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Men Are Generic, Women Are Special

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Choose your gender: Everyman or Magical Girl.

"If a smash hit has mostly male characters, nobody raises an eyebrow, but if it has mostly female characters, it's a Great Big Anomaly worth several trees' worth of shocked speculation."
Sarah Morayati, author of the Interactive Fiction work Broken Legs, in an interview discussing gender in fiction

In media, male is the default, "normal" form of humanity, while female is a special subcategory reserved just for women. This meta-trope is Older Than Feudalism and is found not only in fiction, but is ingrained into many human societies and cultures. The technical term for this is "androcentrism."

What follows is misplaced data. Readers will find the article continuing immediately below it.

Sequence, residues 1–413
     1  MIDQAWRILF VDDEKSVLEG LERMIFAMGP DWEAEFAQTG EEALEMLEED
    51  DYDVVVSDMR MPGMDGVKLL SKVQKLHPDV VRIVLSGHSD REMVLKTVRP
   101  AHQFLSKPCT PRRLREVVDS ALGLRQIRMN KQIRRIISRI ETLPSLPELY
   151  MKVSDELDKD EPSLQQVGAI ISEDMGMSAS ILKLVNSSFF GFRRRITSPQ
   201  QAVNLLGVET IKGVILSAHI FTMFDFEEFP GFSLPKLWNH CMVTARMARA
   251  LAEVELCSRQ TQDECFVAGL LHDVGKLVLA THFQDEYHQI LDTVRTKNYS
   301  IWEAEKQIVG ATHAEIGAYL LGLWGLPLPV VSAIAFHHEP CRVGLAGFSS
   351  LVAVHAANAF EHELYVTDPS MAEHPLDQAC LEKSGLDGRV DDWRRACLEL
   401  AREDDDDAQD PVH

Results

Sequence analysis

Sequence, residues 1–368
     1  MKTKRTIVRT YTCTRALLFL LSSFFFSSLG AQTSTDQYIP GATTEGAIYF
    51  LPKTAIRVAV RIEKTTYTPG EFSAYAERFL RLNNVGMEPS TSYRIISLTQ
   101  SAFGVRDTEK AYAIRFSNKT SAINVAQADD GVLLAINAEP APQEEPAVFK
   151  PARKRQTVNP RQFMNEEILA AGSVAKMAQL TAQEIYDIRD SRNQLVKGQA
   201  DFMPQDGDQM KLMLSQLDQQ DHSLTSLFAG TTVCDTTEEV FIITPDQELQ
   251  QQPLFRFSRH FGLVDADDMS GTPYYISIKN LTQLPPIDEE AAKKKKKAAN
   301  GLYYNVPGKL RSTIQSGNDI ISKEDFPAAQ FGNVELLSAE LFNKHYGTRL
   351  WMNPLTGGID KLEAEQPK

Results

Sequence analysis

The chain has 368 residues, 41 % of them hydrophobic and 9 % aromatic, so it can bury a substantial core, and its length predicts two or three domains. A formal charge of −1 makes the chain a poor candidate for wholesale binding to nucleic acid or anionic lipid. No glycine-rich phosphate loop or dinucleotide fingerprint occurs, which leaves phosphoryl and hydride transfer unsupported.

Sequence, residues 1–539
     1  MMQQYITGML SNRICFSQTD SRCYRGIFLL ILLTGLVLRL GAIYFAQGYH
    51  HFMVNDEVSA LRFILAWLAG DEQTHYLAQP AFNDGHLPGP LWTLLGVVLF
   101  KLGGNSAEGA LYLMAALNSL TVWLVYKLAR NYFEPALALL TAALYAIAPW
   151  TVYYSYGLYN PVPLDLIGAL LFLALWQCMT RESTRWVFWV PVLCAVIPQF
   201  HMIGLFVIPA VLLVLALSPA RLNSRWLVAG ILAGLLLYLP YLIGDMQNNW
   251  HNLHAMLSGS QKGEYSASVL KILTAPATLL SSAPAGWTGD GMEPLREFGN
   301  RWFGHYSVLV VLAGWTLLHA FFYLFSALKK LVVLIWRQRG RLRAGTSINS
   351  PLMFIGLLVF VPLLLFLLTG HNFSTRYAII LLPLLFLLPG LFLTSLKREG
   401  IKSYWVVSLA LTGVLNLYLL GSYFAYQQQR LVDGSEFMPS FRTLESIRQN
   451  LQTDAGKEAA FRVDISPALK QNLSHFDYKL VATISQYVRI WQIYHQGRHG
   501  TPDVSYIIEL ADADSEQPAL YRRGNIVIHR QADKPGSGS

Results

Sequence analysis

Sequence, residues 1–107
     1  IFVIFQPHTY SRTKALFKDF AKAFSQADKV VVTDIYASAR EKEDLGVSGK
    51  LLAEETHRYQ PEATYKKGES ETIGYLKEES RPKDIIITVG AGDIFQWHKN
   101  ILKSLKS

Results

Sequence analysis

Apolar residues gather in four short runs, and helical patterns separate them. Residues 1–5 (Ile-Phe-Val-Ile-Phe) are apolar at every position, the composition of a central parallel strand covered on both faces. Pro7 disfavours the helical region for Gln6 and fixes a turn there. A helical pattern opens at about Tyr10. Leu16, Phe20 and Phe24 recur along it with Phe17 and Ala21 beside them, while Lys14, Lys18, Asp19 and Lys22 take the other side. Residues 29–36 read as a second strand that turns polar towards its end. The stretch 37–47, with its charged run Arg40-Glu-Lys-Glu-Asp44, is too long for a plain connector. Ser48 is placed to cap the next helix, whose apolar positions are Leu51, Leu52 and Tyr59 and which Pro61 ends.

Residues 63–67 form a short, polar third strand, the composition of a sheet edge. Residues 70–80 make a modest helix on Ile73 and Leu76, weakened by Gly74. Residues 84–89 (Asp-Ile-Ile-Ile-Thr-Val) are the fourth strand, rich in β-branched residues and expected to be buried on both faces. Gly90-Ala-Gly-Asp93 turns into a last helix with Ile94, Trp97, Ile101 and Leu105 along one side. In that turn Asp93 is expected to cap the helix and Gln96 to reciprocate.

Take the English language, for example. The terms "Man" and "Mankind" are often used to represent humanity in general, whereas "Woman" and "Womankind" only ever refer to humans of the female gender. Many job titles, such as fireman and mailman, assume maleness, even though there are female firefighters and mail carriers. People often specify that someone is a "female doctor" or "female author", but generally don't say "male doctor" because that is already assumed.note  If the gender of a person is unknown, it is sometimes argued that the traditional proper pronoun to use is "he" (e.g. "Everyone comes to a point in his life...") – though "singular they" goes back to Geoffrey Chaucer but remains controversial even today, reflecting this trope. Certain languages like French and Spanish take this concept even further, having two words for "They"; a masculine and feminine form, but if there is a mixed group of men and women the masculine is the default. In fact, this is correct even for a group of any number of women, and one single man.